Everyone Has an Inspiring Story
In 2007, this popular singer-songwriter almost lost his voice. Not long after, he started singing your stories.
Every day someone tells me their story. They come by the thousands over Facebook and my website. Stories about people’s struggles with divorce and alcoholism. People who’ve lost their jobs or just lost their way. Hearttugging accounts from veterans still fighting battles here at home.
They’re not all sad. Many are tales of triumph. Of hope. Or faith. But behind every one is a person who more than anything wants to be heard. Everyone has a story.
I’m a singer-songwriter by trade. Folks send me their stories hoping I’ll tell them through song. But it never would have happened had I not first told my own story one night not long ago.
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I was wrapping up a concert, the final notes from my song “More” fading away. It had been a great show, but there was something I urgently needed to say, an urge that was on my heart.
“You don’t know how grateful I am to be here,” I said when the applause subsided.
“Seven months ago doctors operated on my vocal cords to remove a polyp, a growth in the lining of my throat that had made it so I could barely speak or sing. That was scary. But the worst part was when my doctor told me what I had to do to recover.”
At least I thought it was the worst part at the time...
I was still groggy from the anesthesia, sitting in my hospital bed, that spring of 2007, just able to focus on the doctor beside me.
“The surgery went well,” she said. “Now your vocal cords need time to heal. You must remain completely silent for the next seven weeks. Until then there’s no way for me to know if you’ll be able to sing again.”
Are you crazy? I screamed in my mind, suddenly alert. But all I could do was nod obediently. Already I’d gone a week without talking in preparation for the surgery. That was bad enough. But this felt like a kind of solitary confinement, being unable to give voice to the thoughts and fears rapidly multiplying inside me.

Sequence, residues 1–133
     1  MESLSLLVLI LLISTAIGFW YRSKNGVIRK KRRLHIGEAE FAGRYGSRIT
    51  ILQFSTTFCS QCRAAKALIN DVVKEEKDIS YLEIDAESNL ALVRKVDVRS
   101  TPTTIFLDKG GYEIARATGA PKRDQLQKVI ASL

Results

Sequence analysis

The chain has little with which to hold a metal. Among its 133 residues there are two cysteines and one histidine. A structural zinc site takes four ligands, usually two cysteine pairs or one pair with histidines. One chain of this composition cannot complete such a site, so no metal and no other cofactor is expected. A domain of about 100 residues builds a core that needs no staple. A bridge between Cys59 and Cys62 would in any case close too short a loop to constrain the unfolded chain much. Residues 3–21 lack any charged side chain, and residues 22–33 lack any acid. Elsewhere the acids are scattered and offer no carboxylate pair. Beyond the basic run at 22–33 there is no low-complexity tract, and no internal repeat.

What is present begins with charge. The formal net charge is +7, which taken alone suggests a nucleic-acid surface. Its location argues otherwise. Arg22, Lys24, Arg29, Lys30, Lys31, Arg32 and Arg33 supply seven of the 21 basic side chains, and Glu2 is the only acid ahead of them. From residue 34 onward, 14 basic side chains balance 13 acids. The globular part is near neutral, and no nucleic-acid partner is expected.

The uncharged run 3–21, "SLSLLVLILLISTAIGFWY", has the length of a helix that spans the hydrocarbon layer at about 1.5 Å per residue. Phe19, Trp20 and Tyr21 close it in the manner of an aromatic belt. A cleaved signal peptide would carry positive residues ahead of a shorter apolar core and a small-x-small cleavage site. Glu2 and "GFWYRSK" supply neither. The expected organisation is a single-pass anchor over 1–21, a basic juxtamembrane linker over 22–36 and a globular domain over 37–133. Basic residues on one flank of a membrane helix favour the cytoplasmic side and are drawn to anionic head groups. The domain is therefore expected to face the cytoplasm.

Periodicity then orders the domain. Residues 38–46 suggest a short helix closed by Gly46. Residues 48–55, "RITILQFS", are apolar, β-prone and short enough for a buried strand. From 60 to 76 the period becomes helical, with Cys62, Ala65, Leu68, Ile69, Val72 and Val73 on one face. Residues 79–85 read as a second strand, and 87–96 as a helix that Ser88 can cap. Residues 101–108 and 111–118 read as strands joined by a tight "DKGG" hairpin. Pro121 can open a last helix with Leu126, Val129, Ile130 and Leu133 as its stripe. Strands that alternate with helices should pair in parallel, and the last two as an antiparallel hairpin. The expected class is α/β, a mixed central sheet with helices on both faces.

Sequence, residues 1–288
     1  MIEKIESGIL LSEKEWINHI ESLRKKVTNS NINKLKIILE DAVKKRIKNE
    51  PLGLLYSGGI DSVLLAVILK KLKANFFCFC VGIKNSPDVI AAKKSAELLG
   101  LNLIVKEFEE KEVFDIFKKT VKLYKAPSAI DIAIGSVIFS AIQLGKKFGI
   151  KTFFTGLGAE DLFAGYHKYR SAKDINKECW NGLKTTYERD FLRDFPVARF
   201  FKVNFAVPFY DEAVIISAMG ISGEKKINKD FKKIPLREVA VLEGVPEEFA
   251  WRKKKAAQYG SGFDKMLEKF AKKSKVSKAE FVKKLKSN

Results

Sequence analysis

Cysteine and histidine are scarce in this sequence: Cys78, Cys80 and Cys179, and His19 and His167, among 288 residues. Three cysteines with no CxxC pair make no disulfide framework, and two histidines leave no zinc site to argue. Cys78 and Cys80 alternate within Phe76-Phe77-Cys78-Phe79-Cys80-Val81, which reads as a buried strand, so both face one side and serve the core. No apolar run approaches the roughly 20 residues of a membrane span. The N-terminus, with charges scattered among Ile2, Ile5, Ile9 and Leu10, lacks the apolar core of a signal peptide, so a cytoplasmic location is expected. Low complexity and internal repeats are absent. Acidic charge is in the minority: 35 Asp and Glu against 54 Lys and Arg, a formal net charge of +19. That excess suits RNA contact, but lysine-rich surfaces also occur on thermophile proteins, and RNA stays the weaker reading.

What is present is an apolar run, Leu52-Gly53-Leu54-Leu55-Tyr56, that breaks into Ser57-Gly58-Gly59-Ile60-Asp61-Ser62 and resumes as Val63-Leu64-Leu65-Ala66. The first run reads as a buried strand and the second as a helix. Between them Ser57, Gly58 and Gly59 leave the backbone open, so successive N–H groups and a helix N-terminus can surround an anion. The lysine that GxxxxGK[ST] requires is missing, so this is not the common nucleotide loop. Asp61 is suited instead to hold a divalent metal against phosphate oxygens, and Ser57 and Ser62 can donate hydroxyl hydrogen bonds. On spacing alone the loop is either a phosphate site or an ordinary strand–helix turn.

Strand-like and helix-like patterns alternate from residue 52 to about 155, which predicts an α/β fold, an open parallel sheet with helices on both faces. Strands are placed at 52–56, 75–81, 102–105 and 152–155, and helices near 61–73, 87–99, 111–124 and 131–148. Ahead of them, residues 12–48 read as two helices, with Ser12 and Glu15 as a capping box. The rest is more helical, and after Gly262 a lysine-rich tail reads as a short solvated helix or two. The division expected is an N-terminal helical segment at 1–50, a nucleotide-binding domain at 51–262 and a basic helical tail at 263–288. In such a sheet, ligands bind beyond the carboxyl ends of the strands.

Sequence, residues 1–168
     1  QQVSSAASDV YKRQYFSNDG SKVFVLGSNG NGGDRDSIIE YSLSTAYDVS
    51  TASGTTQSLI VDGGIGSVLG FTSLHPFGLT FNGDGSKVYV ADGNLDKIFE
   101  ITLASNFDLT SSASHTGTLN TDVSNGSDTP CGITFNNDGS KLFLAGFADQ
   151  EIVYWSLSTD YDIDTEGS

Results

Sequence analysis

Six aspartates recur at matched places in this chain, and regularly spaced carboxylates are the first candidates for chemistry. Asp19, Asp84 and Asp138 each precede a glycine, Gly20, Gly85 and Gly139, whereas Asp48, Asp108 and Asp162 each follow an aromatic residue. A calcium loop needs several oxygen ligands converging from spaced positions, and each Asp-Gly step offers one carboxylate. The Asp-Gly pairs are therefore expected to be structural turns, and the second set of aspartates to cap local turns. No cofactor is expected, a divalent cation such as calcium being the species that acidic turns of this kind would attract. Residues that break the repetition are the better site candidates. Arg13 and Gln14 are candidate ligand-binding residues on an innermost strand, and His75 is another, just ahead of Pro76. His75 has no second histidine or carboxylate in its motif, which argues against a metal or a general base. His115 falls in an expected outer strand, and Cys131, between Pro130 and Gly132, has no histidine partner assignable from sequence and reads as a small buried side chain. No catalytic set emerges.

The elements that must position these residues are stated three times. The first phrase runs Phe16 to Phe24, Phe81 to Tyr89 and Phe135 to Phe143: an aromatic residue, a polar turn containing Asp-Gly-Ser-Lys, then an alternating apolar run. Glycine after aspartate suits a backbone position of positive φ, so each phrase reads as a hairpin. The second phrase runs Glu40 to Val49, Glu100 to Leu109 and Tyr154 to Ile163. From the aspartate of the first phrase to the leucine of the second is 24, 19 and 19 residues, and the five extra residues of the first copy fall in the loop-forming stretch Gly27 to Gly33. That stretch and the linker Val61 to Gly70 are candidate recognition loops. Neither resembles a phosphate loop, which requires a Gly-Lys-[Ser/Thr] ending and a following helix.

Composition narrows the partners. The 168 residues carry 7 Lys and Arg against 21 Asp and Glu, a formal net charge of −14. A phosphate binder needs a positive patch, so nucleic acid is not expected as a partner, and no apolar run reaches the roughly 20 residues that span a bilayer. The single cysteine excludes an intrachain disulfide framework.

What if I still couldn’t sing? What if I didn’t sound like me? My fans bought my music expecting to hear a distinctive voice, the Matthew West sound. No one would pay a dime to hear me if I sang like Kermit the Frog. I had a wife, Emily, and a young daughter who depended on me. Singing was all I knew.
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I went home that afternoon. But there it seemed as if I were more an observer than a member of the family. I’d always had a lot to say on pretty much any topic—an opinion, a witty aside, a story or favorite memory. And when I wasn’t talking I was singing.
Not that I always had to be the center of attention, but expressing myself—through words and song—was who I was.
Every morning at breakfast, Lulu, my two-year-old, would stare at me, bewildered at what had become of her once oh-so-talkative father. “Talk, Daddy,” she said over and over. But all I could do was smile and shake my head.
“Daddy can’t talk right now,” Emily tried to explain. “He has a boo-boo that needs to get better. But he’s still the same daddy.”
I got a whiteboard to write on, but it wasn’t the same as having a conversation. Mostly it was a tool for me to vent my frustration. “This is driving me NUTS!” I scrawled to Emily.
“I know,” she answered. “You just have to be patient and trust that God has this under control. It’s all going to be good. You’ll see.”
I rarely left the house. I didn’t want to be around anyone when I couldn’t talk. Most days I retreated to my music room, the place where I’d written so many of my songs. My latest release, due out in January, was called Something to Say. As if!